I warned my daughters that the particular McDonald's where we were stopping did NOT have a playplace. "Why not?" my 3 year old wondered. They began listing all the restaurants we frequent which do offer playgrounds. I informed them that when I was growing up, NO restaurants had playgrounds for kids. "What did you do, Mommy?" "Well, we just ate," I told them.
Boy, do we entertain kids these days!!! It isn't just restaurants. There is almost nothing we do where the children's "needs" have not been provided for in the area of entertainment. Doctor's office...Lego table and movie. Movie store...giant hopscotch on floor. Grocery store...shopping cart shaped like a car. Car dealership...playroom. Insurance office...lollipops and balloons. Church...well we have that covered too.
I cannot think of very many places we go where my children are expected to just sit and wait. And that is a great character building exercise! Just sitting on hard plastic chairs with mommy and being a little bit bored lets them know that the particular errand we are on is not about them. There is no fit being pitched when it is time to leave, as if the entire reason we are there is so they can play with the germy toys that are provided. It's obvious that we are leaving because mommy is finished with her business.
Children cannot even get a haircut these days with out mass entertainment being provided. Have you seen the hair cut place at Toys R Us? Come to think of it, the toy store is already all about kids, but we also must provide a play place there???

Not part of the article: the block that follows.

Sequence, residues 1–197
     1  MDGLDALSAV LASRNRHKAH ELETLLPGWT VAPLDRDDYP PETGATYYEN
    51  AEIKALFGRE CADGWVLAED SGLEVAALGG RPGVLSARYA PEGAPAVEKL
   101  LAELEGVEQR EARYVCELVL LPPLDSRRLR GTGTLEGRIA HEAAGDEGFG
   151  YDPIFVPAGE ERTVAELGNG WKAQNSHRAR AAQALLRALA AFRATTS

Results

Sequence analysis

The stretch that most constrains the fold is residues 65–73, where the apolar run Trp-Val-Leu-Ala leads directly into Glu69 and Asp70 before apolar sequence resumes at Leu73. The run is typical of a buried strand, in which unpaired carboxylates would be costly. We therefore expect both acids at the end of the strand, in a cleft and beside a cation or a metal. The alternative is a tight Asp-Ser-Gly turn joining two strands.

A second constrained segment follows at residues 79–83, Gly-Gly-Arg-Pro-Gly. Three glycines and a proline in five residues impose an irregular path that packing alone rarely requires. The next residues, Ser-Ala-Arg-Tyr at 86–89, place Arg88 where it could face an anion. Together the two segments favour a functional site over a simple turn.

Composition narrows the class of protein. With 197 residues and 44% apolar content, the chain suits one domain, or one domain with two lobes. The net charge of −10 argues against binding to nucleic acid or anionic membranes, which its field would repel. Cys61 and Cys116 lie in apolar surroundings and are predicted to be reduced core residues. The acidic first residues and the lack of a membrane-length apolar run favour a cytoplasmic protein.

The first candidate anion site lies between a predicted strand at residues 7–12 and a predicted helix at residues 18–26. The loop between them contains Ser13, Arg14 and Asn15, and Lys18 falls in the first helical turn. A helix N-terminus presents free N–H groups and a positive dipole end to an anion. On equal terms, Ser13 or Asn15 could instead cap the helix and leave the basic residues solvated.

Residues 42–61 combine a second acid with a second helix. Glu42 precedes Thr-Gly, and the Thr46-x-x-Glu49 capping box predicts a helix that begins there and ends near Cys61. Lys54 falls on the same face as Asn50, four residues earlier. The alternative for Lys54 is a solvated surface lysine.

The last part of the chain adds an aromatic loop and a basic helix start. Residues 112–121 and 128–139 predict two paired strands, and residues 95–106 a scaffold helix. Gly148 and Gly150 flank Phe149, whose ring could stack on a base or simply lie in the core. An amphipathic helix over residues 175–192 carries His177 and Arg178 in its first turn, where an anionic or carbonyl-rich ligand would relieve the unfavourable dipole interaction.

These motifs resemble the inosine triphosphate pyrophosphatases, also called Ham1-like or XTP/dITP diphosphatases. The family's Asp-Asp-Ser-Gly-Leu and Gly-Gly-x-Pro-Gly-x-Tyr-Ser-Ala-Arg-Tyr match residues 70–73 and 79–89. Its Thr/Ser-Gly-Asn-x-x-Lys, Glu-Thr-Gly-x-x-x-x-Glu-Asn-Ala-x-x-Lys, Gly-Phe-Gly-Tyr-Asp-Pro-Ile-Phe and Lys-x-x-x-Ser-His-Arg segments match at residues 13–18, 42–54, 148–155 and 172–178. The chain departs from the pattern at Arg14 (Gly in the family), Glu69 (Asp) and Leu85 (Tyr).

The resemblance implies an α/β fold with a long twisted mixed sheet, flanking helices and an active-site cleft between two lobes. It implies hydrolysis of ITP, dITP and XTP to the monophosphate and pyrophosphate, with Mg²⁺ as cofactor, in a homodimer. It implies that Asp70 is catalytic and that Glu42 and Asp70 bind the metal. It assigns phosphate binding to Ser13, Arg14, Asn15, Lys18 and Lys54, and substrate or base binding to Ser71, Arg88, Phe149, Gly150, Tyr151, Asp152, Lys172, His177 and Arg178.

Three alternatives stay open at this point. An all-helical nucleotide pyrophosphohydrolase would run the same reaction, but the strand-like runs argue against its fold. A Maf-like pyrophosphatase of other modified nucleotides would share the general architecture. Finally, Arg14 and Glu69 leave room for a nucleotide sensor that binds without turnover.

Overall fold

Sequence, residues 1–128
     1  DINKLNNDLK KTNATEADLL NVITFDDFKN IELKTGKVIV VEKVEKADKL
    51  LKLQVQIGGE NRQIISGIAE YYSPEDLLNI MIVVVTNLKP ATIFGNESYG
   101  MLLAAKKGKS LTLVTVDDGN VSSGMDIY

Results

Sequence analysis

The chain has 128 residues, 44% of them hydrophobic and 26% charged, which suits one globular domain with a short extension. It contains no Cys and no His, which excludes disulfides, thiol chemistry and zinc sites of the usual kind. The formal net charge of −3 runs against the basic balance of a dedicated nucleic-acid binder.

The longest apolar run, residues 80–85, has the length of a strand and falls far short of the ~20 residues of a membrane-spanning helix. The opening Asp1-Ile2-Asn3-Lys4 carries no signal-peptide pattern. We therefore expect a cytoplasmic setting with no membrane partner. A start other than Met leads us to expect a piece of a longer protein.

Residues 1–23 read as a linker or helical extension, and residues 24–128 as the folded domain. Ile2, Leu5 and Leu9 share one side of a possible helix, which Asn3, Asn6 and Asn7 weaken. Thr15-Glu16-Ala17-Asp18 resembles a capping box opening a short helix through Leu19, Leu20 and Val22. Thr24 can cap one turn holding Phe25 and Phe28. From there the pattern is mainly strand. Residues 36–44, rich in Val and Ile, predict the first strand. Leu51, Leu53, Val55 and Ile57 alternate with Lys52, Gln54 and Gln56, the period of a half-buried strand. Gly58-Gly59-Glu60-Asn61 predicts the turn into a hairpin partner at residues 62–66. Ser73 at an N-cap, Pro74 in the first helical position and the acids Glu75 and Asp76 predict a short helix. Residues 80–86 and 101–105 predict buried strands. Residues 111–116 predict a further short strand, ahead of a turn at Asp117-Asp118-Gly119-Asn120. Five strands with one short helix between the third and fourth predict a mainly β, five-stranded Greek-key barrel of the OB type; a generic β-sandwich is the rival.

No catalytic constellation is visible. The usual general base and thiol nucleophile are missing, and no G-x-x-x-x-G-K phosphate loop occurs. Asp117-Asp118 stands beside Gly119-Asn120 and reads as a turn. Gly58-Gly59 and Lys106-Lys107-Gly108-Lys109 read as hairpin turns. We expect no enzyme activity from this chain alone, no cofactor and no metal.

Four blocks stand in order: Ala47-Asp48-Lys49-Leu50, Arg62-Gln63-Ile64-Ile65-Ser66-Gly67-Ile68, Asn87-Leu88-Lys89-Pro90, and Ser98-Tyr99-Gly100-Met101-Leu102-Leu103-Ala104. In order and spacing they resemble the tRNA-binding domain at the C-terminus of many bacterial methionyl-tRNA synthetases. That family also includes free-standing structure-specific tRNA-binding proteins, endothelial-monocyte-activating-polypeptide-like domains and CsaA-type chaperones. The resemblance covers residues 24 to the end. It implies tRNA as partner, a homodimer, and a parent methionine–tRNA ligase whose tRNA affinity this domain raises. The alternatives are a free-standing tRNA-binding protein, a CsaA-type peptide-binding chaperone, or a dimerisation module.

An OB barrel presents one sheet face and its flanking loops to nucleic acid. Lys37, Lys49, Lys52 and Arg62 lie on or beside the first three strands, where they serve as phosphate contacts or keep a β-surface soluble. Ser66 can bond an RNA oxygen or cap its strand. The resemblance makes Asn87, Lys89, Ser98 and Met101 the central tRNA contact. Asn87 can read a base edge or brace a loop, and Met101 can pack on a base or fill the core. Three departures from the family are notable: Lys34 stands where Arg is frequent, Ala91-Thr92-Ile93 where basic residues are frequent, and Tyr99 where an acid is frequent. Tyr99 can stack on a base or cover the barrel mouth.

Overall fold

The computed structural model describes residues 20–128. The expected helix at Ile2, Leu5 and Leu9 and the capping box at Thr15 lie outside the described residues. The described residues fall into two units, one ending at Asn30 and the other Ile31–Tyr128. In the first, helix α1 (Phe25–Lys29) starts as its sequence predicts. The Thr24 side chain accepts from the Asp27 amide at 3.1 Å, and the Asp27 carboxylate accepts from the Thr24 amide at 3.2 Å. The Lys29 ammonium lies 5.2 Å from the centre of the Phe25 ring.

No wonder children are not begging to go to church. I know folks who have left their home church because "the kids don't want to come." They instead sought out a church with a dynamic (read: entertaining) children's ministry or youth program. Now, I am not blaming these parents. Good for them for being willing to do what it takes to keep their children in church. BUT...what happens when the puppet show is over, the DVD curriculum is unplugged, the play structure dismantled, and the games, prizes, and incentives are gone? Do the children have a faith that is all their own? Or will they turn and find something that is more entertaining?
I want to protect my children from all this. I want them to know boredom. I want them to have to wait with no toys in hand. I want them to talk with mom and dad while they wait for the food instead of skipping over to the sandbox. Why? Well, it's good for them. And maybe church won't have to suffer in the comparison. Or kill itself trying to keep their attention.